BioWare on Dragon Age II – “we’ve hit a bit of a sweet spot”

BioWare’s Fernando Melo talks us through the action-strategy balancing act, rogue identity crises, sarcastic death yells, self-conscious narrators and (of course) saving the world.

By Edwin Evans-Thirlwell, February 9, 2011

We hope you’ve got an Ogre-sized chunk of time set aside in March, because BioWare’s Dragon Age II looks like a whopper. Here’s an appropriately gargantuan chat with Online Producer Fernando Melo, conducted shortly before VGD went hands-on with the game at EA’s January showcase.

Great to meet you, Fernando. Let’s start with something fairly specific. My big bugbear playing Dragon Age on console was tactical positioning. My lead character was a Rogue, and getting her into place for a back-stab was a nightmare without a cursor. Can you talk about how you’ve addressed that?

There were really three things that we got a lot of feedback on, most of which actually came on console. At the end of the day we had a seven year game, it took that long to make, it was PC-centric, and when we did a port for consoles that was actually done with an external team.

This time I think one of the key, fundamental differences is that everything is being built at the same time. It’s all being built in house, we have people who are dedicated to each platform, in terms of user interface, in terms of controls, in terms of the visuals. So you’re going to see a much better version than we had in Origins for consoles.

In terms of Rogues in particular, that was an area we spent quite a lot of time on [with the sequel]. I don’t know if you’ve had a chance to play it yet – if not, I would definitely try a Rogue on the Create-a-Character screen. For me there some of the most fun characters, as they should be. I think in Origins Rogues suffered a bit of an identity crisis, they were sort of like warriors that could dual-wield, and it didn’t feel unique enough. Whereas with DA2, each class has very specialised things that they can do. The way that the Rogue manoeuvres through combat, they’re very much geared towards taking down a single enemy, because of how fast they are.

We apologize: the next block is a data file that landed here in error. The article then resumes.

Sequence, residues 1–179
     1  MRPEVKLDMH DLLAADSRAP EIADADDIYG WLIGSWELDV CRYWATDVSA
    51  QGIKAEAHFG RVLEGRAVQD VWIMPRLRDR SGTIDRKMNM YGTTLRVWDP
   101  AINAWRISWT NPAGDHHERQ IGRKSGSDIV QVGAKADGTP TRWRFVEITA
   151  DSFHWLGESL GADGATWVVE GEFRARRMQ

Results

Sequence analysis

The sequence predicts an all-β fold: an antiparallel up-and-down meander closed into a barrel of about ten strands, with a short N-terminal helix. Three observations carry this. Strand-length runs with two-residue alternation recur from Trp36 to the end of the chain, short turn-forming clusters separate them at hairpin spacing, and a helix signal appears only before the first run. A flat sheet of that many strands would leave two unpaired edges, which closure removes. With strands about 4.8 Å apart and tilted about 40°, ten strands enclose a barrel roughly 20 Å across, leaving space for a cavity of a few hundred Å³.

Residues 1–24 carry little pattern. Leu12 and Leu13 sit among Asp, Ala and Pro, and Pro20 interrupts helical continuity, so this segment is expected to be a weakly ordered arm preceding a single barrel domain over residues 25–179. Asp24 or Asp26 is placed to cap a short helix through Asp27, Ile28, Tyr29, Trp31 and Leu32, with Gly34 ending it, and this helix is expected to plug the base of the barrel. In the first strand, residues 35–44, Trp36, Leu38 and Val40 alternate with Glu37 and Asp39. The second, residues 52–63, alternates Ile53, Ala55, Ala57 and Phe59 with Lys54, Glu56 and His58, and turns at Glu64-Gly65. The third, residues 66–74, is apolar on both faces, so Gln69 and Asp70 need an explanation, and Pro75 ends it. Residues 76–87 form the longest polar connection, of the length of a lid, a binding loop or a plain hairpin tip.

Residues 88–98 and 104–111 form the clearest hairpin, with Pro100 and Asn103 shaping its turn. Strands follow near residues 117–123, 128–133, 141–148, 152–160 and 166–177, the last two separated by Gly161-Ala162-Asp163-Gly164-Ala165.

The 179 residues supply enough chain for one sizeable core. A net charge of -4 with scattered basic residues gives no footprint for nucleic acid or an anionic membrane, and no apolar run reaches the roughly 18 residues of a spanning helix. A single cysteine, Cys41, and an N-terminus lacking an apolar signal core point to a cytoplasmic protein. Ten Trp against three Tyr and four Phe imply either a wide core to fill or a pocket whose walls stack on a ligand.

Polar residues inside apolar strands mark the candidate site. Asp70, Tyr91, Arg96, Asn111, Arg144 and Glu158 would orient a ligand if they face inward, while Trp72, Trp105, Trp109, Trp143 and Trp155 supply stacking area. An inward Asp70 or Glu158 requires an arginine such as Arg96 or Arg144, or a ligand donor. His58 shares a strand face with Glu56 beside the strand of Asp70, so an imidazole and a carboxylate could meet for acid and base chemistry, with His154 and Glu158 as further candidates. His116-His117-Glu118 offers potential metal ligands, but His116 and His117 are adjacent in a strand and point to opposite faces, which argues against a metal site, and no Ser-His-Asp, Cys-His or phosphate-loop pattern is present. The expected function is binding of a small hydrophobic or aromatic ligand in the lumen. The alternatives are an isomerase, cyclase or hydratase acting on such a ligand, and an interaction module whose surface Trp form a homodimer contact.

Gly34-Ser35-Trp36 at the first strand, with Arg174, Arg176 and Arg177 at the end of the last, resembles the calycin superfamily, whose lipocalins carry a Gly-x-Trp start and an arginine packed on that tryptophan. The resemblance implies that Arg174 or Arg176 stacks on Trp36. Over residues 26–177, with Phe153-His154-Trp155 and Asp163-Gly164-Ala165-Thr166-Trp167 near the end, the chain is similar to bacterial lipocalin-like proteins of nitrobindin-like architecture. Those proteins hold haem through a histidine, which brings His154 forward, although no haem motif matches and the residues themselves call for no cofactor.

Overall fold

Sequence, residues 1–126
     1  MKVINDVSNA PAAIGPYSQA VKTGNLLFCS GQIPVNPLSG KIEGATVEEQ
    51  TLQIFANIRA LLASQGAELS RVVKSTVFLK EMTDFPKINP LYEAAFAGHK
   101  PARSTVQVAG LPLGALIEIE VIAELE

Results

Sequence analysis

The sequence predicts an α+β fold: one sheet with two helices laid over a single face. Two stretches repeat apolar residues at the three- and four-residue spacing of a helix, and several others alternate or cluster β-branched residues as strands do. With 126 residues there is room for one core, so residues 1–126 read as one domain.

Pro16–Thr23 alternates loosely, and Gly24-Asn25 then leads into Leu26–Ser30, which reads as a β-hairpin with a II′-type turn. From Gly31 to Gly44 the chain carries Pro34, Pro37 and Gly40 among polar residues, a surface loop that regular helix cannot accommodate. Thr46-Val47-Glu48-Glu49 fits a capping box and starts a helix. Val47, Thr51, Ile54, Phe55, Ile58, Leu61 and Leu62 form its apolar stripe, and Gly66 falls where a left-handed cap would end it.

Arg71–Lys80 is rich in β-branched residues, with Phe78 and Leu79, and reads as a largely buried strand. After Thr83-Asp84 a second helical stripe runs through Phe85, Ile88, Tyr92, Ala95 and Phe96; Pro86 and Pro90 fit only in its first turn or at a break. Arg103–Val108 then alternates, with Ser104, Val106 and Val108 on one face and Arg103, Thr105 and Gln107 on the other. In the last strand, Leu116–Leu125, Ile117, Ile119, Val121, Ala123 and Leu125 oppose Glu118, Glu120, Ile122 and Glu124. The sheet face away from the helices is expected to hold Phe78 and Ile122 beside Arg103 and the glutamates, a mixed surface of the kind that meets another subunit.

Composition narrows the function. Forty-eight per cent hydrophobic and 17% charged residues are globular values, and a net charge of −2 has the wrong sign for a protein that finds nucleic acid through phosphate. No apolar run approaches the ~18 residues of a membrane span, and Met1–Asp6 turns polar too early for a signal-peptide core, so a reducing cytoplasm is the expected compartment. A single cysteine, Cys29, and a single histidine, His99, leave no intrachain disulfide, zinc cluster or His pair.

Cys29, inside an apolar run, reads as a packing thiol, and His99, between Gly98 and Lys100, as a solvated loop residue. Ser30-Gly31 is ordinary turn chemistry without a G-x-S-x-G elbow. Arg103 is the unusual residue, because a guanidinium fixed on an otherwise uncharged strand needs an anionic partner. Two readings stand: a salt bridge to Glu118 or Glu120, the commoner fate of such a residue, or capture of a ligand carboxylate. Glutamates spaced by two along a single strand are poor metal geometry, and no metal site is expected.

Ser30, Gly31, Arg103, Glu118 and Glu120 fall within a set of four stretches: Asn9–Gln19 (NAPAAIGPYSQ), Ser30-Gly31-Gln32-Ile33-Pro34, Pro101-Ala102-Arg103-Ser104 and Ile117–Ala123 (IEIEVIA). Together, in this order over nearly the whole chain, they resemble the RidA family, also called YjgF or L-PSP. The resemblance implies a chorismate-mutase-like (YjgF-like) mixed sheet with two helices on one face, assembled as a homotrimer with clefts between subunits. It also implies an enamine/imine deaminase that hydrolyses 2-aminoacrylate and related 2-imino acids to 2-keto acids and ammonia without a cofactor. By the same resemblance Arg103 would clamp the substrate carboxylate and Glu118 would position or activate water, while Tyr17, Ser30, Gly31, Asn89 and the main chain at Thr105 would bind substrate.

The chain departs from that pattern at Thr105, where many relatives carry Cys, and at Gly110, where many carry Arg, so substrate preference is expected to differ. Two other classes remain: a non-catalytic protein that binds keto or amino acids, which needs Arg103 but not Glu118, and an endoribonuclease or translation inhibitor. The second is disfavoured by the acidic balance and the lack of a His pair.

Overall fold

And you have new abilities, to answer your initial question – you have a backstab ability which when you fire it, you essentially teleport behind the character and execute a backstab. And you also have other evasive manoeuvres you can do – backflip out of [trouble] if you get swarmed. So you’re much more acrobatic, more nimble, on the battlefield, which should be a lot more Rogue-like, using the combination of stealth and speed is exactly how you want to win the fight.

Whereas a Warrior is much more built now towards taking down a variety of enemies at once – they’ll swing in large arcs, hitting two or three characters at the same time, that kind of thing. They’re much more for taking down mobs. So one of the nice new things is the idea of cross-class combos.

We kind of had a bit of that with spell combos in Origins, where you could freeze somebody, then hit them with Stone Fist and they’d shatter, or combine certain storm spells to create big ones. Now we have cross-class combos, for example Rogues can use certain abilities to weaken an enemy towards a Warrior or a Mage strike, or vice versa.

In terms of the combat, we’ve added a much more action layer to it. We haven’t taken away anything from Origins – all the tactics are still there, especially on PC – but we’ve added a very thin layer of immediacy. When you press a button, when you implement an action, they execute right away. So you can now execute team tactics the way that you were probably supposed to in Origins, where you can have your warrior protect your Mage, or you can have two Mages striking correctly within moments of each other to get the effect you want.

You no longer have to worry about your Warrior shuffling into position while the enemy is chewing away at your Mage, till he can finally start swinging, or the fact that one of your Mages has to move a little bit, therefore your spells can’t go off at the right time or whatever the case is.

And I know that when we use the term “action” people freak out a little bit – it’s a bit of a loaded term. But I’m hoping as they see more footage, and as they get to play it, they’ll realise how much it feels like Origins, on all the platforms. That stuff hasn’t gone away – in fact, there’s actually more depth in DA2, it’s just hidden away in little layers, so somebody who’s new can jump right in, start mashing buttons and get some fun out of it.

But somebody from Origins, they’ll be able to take advantage of the deeper layers, really build up on tactics, and how they can customise their characters has a lot more depth to it now, in terms of specialisations and how abilities work and the fact you can upgrade abilities now – instead of getting a broader spectrum of abilities you can specialise in abilities you can really like.

So all those things create much more interesting builds of characters as well.

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